Saturday, 4 May 2013
MRSA st398.in Britain: First, find the pigs...
The British pig industry are troubled about the difficulty of getting planning permission for new and replenished pig buildings. Reports based on a media release are appearing in the farming news sites.
Everyone gets trouble with planning permission: that's one of modern business' burdens. The writer first got involved with birdwatchers when he was giving evidence to Parliament and they were objecting to the expansion of the Port of Felixstowe, many years ago.
Sometimes the objections are reasonable, sometimes they are not. You have to present your case to the authorities and hope you can overcome the objections. That's how it is done in a democratic country with a normal civil service.
Specifically, the pig industry has problems with pressure groups worrying about the human health implications of MRSA and objecting to new pig farms - that will mainly be the Soil Association.
The relevant paragraph is this;
"...For instance, one pressure group has raised the spectre of MRSA bacteria spreading from pigs to people in Britain - but MRSA has not been detected in livestock in this country, because of the low density of pigs..."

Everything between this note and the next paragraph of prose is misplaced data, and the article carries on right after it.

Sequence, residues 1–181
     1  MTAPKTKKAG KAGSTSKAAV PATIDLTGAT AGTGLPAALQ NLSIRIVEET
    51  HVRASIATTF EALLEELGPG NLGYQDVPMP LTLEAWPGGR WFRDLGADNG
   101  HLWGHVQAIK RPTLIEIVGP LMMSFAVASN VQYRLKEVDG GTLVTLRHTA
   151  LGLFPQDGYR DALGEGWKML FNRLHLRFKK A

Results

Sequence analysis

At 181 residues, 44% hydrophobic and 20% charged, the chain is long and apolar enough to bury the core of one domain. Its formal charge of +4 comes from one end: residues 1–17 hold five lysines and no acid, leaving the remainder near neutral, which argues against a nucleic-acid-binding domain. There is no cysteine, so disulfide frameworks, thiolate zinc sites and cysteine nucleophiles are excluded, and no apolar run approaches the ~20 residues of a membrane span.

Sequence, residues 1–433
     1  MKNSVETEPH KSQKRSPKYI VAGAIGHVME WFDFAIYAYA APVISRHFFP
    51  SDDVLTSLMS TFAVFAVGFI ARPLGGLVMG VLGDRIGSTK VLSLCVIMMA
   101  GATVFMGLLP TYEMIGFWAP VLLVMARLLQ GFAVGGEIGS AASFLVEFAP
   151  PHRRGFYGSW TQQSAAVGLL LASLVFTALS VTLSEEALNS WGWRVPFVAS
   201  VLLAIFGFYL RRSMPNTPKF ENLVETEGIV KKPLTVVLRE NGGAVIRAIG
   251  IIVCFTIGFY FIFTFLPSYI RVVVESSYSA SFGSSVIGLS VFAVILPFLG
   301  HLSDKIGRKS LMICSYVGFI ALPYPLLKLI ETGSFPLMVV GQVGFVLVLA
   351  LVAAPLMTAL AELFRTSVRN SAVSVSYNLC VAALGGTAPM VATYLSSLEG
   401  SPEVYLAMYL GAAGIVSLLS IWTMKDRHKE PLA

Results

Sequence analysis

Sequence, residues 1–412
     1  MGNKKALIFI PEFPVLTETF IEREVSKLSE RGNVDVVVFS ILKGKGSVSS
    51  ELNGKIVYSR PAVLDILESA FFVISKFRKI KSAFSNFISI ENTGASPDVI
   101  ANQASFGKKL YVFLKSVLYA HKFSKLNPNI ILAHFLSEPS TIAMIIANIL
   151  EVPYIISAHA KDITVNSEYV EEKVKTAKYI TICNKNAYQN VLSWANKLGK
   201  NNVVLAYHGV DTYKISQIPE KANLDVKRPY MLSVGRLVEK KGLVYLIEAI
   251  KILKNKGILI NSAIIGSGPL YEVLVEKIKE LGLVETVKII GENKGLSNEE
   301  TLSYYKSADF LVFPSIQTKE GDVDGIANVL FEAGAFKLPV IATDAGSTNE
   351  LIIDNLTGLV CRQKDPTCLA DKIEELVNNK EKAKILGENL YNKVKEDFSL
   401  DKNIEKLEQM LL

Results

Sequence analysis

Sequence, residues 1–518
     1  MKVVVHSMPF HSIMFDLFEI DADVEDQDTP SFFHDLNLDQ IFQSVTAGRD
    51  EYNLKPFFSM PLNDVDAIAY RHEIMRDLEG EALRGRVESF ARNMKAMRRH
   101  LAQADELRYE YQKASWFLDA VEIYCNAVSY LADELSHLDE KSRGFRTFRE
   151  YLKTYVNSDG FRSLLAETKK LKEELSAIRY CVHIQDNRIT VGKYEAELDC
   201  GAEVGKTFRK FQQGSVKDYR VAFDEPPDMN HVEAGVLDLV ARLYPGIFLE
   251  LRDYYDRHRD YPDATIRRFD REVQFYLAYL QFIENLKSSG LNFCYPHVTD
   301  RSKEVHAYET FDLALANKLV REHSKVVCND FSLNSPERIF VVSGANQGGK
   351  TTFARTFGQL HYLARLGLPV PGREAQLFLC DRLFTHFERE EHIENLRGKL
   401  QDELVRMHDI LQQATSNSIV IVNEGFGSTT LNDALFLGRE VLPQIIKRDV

Well, that's interesting logic!
First, MRSA st398 (or cc398) has been detected in other livestock and milk in Britain, so the statement is factually inaccurate.
Second, they are correct in reminding us that Defra does still, rather, disingenuously claim that British pigs are MRSA (st398) free.
Perhaps, the British pigs are so widely dispersed across the landscape that the government veterinarians could not find any to test!
The only tests known to be done so far, aside from some private testing, were two or three years ago on the orders of the EU and consisted of a very few barn samples. They found nothing. No tests on actual pigs have been publicised.
At least, nobody claims the absence of MRSA in British pigs is due to the superiority of the Defra veterinary regime: distance between pig farms is politer, even if alien to Eastern England.
Eventually, Defra, Britain's agricultural ministry, are going to have to tackle this problem properly. It should have been done years ago. You can find many articles on the scandal on this site - use the search function or read the newsgroup uk.business.agriculture.
The full FarmingUK report is here